Feature Story: Remembering Kleng

Home » Blog » Articles » Clubs/Organizations

Exceptional Therapy Horse Made a Positive Difference for Decades

by Julia Bozzo

We have all been lucky enough to know certain exceptional individuals who make huge differences in people’s lives. In this case the individual is a horse. Kleng, a Norwegian Fjord, was born on October 11, 1991 in Sooke, British Columbia, and passed away on May 2, 2024. 

When Kleng was 3 years old he was gelded, which abruptly ended his future career as a breeding stallion, and he was in search of a new home and job. He boarded (in a trailer) the Tsawwassen Ferry bound for the mainland and proceeded to enter Washington State as a new U.S. citizen. Little did we know at the time what a special horse he was and the impact he would have on so many lives.

It was early days at the NorthWest Therapeutic Riding Center (NWTRC) in Bellingham, Washington and Kleng was one of the first horses to come to the program. Kleng seemed to have been born already trained. Nothing fazed him: kids, dogs, balloons… all were just things to be observed and enjoyed. He proved himself to be unflappable and had a delightful demeanor—gentle, calm, and with a keen sense of humor. 

At a young age he was brought into the program as a school horse—and so much more. Kleng was strong, kind, athletic, and versatile. He wore multiple hats, and along with his main job of helping teach horsemanship and riding to people with disabilities, he also took several riders through Pony Club. His ability to adjust his behavior to the individual was astonishing. “Never underestimate or disrespect me,” was one of Kleng’s mantras. One day, during a pony club camp, Kleng surprised us all when a competent but presumptuous teenager hopped on him for a ride and gave him a big kick. Kleng promptly bucked this rider off, something he would never dream of doing in his therapeutic job. 

When being introduced, we would often tell people that Kleng was the most famous horse they would ever meet. Kleng’s personality, his versatility, his delightful attitude, and the number of riders he carried on his back over the years earned him the Region 9 Horse of the Year award, quickly followed by his winning of the 2009 National Therapeutic Horse of the Year award, presented by the North American Riding for the Handicapped Association, now known as PATH International. In 2013 he was inducted into the Equus Foundation Horse Stars Hall of Fame and in 2019 won the Platinum Performance Horse Welfare award.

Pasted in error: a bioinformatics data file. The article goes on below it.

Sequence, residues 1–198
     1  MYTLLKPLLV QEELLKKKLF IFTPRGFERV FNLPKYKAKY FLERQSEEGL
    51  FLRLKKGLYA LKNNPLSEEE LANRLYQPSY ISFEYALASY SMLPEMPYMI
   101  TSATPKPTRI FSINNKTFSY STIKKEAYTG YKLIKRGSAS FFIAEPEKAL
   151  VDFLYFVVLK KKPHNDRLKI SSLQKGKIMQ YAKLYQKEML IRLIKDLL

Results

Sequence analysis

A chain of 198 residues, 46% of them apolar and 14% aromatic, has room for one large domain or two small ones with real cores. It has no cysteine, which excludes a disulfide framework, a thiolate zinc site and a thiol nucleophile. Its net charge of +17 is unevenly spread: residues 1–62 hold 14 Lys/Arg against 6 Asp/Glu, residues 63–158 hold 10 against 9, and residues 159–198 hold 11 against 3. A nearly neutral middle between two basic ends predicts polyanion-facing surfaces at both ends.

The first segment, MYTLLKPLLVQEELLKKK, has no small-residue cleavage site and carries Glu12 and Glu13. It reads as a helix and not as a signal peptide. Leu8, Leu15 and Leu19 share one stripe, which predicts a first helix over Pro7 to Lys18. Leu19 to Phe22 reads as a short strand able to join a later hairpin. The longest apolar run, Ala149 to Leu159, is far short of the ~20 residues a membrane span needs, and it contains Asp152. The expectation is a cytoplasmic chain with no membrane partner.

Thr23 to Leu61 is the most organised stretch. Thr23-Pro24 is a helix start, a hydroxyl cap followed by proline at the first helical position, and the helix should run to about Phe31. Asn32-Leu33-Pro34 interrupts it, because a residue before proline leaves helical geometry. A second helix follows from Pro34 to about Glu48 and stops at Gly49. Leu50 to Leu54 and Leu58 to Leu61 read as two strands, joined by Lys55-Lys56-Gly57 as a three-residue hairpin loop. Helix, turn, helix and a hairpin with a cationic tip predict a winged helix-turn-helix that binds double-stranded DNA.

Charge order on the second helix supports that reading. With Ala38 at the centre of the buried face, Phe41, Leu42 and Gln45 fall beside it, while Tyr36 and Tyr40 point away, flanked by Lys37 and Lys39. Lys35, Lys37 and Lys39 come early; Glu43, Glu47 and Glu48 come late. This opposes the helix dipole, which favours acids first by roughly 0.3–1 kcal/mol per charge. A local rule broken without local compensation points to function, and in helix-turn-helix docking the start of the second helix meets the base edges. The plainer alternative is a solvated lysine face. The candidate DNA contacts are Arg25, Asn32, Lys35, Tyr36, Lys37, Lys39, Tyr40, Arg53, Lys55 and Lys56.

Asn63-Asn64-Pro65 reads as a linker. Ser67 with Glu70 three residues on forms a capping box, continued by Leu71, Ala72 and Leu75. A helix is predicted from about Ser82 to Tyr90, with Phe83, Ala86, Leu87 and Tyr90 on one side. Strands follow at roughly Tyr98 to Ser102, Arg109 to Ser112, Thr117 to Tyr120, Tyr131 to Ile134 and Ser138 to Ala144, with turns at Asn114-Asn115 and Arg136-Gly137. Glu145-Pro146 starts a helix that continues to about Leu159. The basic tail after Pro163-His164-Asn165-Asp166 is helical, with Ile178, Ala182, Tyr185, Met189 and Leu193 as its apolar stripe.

At 19 years old, tragedy struck. Kleng had a bout of severe colic (the number one killer of horses). After a short debate and despite his age, the cost, and the uncertain outcome, Kleng was transported to a veterinary hospital for surgery. It was a long recovery, but he came back strong to cheerfully work another 12 years at the riding center. 

For 29 years Kleng was a friend to all. Kleng was NWTRC’s go-to lesson horse for people of all abilities. Kleng happily gave a leg up to NWTRC participants, helping people feel joyful, included, and hopeful. “I have been graced with Kleng for longer than any other horse I have ever had. He was my treasured coworker, friend, and family member,” says Julia Bozzo, founder of NWTRC.

Kleng was predeceased by NorthWest Therapeutic Riding Center herd members Babe, Sam, Cloudy, DT and his doppelganger Kurt. Kleng is survived by Gina, Deanna, Julia, and Mike Bozzo (his human family and program founders) and the NWTRC herd: Vincent, Leo, Bruce, Henry, Spotticus, and Oakley. 

We will miss you in so many ways, Kleng, and will be listening for your hoofbeats in our dreams.

Donations in honor of Kleng to help carry on his legacy can be made to the NorthWest Therapeutic Riding Center, 1884 Kelly Road, Bellingham WA, 98226, or online at www.nwtrc.org.

See this article in the June 2024 online edition:

June 2024

Thank you for supporting the businesses that support The Northwest Horse Source

This content sponsored by:
This content sponsored by:
This content sponsored by:

Join the conversation:

Select a list(s):

Check out the Magazine!

The Northwest Horse Source Magazine